8/10
Author: bkoganbing from Buffalo, New York
22 October 2005

The Man With a Golden Arm was one of a trio of great films around that same time that dealt with drug addiction. The other two were Monkey On My Back and A Hatful of Rain. But I think of the three this one is the best.

Maybe if Otto Preminger had shot the thing in the real Chicago instead of those obvious studio sets the film might have been better yet. Who knows, maybe Preminger couldn’t get enough money to pay for the location. It’s the only flaw I find in the film.

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Frank Sinatra got a nomination for Best Actor for this film, but lost to Ernest Borgnine in Marty. Sinatra might have won for this one if he hadn’t won for From Here to Eternity in the Supporting Actor category a few years back and that Marty was such an acclaimed film in that year. His scenes going through withdrawal locked up in Kim Novak’s apartment will leave you shaken.

First Bob Strauss who wants him back dealing, especially because a couple of heavyweight gamblers are in town. He uses a few underhanded methods to get Sinatra’s services back. Secondly Darren McGavin is the local dope dealer who wants Sinatra good and hooked as a customer again. And finally Eleanor Parker his clinging wife who’s working a con game to beat all, just to keep him around.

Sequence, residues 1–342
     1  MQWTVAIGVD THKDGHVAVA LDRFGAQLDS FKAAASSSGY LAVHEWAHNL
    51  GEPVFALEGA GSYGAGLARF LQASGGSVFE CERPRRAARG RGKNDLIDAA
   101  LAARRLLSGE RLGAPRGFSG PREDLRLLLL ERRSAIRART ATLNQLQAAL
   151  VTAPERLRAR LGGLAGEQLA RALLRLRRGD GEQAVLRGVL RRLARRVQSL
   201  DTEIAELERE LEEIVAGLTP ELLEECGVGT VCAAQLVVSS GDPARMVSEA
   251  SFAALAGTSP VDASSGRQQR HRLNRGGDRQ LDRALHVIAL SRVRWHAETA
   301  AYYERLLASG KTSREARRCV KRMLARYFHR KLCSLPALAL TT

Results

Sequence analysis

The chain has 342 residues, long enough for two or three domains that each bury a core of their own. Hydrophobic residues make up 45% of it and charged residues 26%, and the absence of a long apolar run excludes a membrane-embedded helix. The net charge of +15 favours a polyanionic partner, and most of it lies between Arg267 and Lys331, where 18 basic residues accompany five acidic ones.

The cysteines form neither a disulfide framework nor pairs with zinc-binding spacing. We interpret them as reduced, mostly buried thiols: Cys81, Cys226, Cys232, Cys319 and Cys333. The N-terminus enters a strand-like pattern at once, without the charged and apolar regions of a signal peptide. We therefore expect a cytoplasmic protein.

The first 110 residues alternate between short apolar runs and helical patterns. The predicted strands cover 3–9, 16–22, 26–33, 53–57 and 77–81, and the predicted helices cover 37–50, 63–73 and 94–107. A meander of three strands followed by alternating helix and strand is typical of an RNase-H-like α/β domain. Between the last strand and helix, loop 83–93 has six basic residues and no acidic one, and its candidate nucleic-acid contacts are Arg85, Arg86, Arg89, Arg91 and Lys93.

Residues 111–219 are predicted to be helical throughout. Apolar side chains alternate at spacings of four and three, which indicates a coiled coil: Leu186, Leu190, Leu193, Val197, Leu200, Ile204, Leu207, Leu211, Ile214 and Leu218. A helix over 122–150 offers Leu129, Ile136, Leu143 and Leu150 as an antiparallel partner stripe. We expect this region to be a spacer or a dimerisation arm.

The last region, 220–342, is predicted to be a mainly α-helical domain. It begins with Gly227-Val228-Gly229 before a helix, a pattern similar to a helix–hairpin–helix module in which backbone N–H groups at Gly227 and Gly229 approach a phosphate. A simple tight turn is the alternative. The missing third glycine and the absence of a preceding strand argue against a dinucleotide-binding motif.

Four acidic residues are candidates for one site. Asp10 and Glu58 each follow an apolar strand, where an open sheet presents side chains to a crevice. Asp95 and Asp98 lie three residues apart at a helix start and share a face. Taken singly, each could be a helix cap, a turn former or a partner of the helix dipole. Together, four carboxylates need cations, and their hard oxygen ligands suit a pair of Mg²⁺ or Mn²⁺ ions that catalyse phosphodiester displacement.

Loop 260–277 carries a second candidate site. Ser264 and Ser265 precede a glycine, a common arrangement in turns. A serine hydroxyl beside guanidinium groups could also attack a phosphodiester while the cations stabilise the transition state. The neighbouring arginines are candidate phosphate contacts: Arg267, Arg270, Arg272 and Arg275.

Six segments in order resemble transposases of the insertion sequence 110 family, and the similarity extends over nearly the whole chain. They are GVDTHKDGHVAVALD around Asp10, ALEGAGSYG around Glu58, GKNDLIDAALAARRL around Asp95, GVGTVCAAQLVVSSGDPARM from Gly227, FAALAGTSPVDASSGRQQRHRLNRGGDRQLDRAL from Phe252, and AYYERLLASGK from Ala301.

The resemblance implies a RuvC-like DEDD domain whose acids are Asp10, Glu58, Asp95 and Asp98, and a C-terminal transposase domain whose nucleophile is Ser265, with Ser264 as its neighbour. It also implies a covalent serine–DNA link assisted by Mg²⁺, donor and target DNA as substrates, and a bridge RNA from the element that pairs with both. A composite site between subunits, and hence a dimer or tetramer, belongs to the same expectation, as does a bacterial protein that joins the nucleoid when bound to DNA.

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Frank Sinatra got a nomination for Best Actor for this film, but lost to Ernest Borgnine in Marty. Sinatra might have won for this one if he hadn’t won for From Here to Eternity in the Supporting Actor category a few years back and that Marty was such an acclaimed film in that year. His scenes going through withdrawal locked up in Kim Novak’s apartment will leave you shaken.

Eleanor Parker does not get enough credit for her role. She’s really something as the crazy scheming wife who wants Sinatra tied to her no matter what the cost. If she had not been nominated that same year for Interrupted Melody, she might have been nominated for this. 1955 marked the high point of her career.

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Darren McGavin got his first real notice as the very serpentine drug peddler. His performance is guaranteed to make your flesh crawl.

Elmer Bernstein contributed a great jazz score to accentuate the general dinginess of the bleak Chicago neighborhood the characters live in. Not a place you’d want to bring up your family.